Maybe We Should Call It Cryptic Currency?

Notwithstanding that cryptocurrency is generally in the cloud, crypto purists will say that cryptocurrency is as valuable as dollar bills.  However, the recent bankruptcy filings of five major crypto companies, including Celcius Network LLC (a lender) and FTX Trading Ltd. (an exchange), may bring to light the real nature of cryptocurrency; whether it’s an investment, a currency, a digital asset or something else.

In the recent bankruptcy of Celcius, Judge Glenn (presiding) decided last week that the cryptocurrency deposited by customers with Celcius was not an asset of the customers, despite what they believed it to be, but rather transferred ownership of the cryptocurrency to Celcius to do with as it pleased.

Judge Glenn found that crypto is not under the current definition a currency, because it is not a medium of exchange created, authorized, or adopted by a domestic or foreign government, or by an intergovernmental organization or by agreement between two or more countries.  So, when customers deposited crypto with Celcius pre-bankruptcy, they were depositing something closer to a digital asset, which Celcius could then invest or transfer.

The FTX case brings to light how easily it was to transfer customer deposits of digital assets to other investment vehicles and even politicians.  Now, everyone is just waiting for the FTX bankruptcy estate to claw back many of these transfers, as leading to the demise of FTX.  Claw backs generally are authorized under state and federal fraudulent transfer laws, when an insolvent company makes transfers without receiving reasonably equivalent value in return.  At first blush, many of the prebankruptcy transfers made by FTX certainly seem like they can come back to FTX.

While clawing back transfers to noncustomers (who did not provide equivalent value in return) may seem intuitive, if, as Judge Glenn found, the customers transferred their ownership rights in their deposited digital assets, will bankruptcy courts in these crypto cases also start finding that customers who were able to withdraw their crypto prior to the bankruptcy also received transfers that can be clawed back?  It’s too early to tell, but that would certainly add insult to injury.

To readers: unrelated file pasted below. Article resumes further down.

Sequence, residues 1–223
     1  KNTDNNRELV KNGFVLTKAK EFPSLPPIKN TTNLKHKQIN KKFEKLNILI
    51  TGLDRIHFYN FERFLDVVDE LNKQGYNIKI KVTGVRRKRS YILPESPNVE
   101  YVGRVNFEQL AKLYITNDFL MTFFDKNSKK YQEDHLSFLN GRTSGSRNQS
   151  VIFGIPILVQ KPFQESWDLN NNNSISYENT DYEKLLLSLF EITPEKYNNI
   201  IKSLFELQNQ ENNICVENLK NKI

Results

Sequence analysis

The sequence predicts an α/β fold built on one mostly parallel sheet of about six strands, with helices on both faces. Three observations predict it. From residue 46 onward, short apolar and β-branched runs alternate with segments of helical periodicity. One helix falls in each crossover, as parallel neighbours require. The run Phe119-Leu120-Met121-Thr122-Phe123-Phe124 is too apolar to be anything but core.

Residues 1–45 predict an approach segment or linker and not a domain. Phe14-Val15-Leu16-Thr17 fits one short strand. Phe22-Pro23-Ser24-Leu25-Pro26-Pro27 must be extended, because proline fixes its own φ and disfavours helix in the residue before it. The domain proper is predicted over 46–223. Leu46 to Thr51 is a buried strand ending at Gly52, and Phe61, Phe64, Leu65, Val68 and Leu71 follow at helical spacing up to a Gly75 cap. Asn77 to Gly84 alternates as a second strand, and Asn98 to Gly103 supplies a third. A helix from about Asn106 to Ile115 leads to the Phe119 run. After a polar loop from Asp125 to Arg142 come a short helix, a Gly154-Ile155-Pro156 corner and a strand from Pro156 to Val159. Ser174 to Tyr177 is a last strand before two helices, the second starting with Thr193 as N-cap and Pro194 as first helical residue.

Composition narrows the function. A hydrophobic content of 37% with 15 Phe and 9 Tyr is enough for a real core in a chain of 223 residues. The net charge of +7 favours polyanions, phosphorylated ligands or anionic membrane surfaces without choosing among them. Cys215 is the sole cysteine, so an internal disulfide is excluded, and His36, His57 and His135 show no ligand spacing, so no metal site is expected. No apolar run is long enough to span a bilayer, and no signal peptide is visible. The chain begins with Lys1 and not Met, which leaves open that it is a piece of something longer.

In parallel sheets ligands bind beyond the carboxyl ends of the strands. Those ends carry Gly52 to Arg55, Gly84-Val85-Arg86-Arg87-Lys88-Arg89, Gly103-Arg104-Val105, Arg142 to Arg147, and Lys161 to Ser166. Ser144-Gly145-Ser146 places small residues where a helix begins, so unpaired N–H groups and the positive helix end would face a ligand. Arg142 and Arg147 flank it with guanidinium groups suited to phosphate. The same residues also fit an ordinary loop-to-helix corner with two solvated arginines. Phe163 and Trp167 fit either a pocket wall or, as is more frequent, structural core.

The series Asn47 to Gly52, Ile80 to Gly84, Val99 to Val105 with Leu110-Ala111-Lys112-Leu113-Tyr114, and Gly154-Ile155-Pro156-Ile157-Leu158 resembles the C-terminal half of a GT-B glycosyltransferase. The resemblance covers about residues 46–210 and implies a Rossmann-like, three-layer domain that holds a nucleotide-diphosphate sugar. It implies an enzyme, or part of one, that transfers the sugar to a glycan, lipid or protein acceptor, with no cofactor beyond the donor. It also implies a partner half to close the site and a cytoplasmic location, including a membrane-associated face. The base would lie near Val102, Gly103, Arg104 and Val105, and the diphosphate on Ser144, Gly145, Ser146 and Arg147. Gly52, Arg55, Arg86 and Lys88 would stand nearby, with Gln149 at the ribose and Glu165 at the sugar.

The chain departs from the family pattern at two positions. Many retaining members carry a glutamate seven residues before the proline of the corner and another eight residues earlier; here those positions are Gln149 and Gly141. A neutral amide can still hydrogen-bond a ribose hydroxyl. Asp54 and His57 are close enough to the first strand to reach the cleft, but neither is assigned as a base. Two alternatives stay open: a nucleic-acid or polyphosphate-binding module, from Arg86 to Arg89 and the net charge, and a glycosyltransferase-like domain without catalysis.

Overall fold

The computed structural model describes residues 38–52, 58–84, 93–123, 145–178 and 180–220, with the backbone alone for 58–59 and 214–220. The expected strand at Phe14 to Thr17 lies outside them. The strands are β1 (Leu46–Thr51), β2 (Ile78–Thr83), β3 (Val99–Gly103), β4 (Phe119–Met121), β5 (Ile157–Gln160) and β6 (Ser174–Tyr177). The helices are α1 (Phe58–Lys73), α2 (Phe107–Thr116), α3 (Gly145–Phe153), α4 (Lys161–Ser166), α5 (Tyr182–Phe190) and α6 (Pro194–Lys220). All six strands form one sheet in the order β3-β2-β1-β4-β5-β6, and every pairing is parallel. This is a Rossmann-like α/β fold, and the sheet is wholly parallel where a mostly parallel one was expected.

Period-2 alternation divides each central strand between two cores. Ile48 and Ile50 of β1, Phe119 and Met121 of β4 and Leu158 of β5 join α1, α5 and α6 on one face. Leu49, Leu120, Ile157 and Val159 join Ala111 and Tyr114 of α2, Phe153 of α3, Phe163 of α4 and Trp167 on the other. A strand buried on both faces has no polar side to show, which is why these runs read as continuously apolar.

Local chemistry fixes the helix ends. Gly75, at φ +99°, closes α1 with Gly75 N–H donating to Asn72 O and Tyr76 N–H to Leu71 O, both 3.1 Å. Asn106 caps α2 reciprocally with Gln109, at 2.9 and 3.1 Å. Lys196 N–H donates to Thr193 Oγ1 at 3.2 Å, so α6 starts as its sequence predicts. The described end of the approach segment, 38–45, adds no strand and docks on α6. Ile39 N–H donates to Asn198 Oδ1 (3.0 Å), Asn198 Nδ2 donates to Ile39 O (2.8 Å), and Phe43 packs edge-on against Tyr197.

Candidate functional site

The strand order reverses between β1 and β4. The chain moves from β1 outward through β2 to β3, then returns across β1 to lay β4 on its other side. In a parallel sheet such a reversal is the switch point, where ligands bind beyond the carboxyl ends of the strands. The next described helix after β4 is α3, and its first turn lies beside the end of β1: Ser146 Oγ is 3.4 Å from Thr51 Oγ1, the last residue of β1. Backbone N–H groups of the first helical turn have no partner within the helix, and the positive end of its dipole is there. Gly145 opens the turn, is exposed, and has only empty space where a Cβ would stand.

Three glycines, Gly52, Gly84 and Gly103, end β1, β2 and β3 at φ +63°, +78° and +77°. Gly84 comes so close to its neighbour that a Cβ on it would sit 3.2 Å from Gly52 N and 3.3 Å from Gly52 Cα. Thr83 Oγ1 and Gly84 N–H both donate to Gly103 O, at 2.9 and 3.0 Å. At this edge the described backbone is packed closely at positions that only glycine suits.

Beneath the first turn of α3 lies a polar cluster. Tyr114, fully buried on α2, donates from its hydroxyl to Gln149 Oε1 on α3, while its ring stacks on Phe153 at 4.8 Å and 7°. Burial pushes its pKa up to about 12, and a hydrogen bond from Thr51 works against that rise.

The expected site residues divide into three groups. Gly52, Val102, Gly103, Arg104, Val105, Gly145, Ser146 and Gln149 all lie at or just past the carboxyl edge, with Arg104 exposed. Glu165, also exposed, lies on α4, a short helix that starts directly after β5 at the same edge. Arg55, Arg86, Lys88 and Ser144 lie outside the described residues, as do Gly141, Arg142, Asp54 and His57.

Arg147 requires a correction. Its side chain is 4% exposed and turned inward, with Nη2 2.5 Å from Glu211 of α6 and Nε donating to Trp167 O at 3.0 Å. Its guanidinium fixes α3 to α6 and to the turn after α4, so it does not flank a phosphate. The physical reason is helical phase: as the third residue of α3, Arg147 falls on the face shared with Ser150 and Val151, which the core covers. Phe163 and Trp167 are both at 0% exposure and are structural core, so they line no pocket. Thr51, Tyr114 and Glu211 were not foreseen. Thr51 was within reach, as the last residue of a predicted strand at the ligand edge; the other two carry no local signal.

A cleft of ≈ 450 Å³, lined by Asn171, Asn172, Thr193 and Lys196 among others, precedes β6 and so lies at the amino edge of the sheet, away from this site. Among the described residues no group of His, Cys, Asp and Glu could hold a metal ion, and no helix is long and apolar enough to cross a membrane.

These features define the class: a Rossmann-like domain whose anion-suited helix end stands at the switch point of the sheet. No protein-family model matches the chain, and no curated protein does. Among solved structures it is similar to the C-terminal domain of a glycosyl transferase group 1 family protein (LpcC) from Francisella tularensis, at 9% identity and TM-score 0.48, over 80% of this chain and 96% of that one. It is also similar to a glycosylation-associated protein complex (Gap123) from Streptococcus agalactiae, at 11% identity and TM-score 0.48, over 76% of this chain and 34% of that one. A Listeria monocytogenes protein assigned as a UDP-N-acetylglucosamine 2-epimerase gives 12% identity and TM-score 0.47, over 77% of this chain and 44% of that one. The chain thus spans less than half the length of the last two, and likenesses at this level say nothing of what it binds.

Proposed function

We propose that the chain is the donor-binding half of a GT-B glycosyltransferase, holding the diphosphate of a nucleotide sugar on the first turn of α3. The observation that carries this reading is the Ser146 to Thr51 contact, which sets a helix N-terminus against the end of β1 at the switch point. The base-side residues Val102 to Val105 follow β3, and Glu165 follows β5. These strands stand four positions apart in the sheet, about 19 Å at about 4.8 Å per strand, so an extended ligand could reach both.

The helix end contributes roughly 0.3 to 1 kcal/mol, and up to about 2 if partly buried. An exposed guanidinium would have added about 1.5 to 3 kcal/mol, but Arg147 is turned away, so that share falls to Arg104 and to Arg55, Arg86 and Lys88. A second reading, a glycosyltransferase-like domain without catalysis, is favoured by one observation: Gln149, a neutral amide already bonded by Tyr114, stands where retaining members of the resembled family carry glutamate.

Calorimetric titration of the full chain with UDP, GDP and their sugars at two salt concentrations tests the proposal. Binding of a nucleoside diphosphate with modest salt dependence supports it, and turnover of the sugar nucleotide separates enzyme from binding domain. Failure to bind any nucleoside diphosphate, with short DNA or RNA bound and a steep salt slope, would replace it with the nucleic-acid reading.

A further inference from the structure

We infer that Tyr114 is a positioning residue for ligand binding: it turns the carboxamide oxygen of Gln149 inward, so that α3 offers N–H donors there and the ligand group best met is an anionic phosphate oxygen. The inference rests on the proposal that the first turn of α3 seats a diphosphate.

What does this all do to the remaining field in the crypto industry?  Everyone knows that the crypto industry is not heavily regulated by the SEC, because crypto purists have, thus far, convinced the SEC that cryptocurrency is not an investment or security.  However, without regulation, one can see how customers can easily be duped into believing that they are doing one thing (depositing currency), when, in fact, they are depositing a digital asset that may be further invested, which may lead to a rise or collapse in value of the asset.

Maybe it’s time to place some oversight on the “wild west” environment in which this crypto industry has operated?  Customers certainly should not have to wait until the president of a crypto company is arrested to find out that they have lost their digital asset.  In the meantime, maybe we should stop calling it “cryptocurrency” and start calling it what it really is: cryptic currency.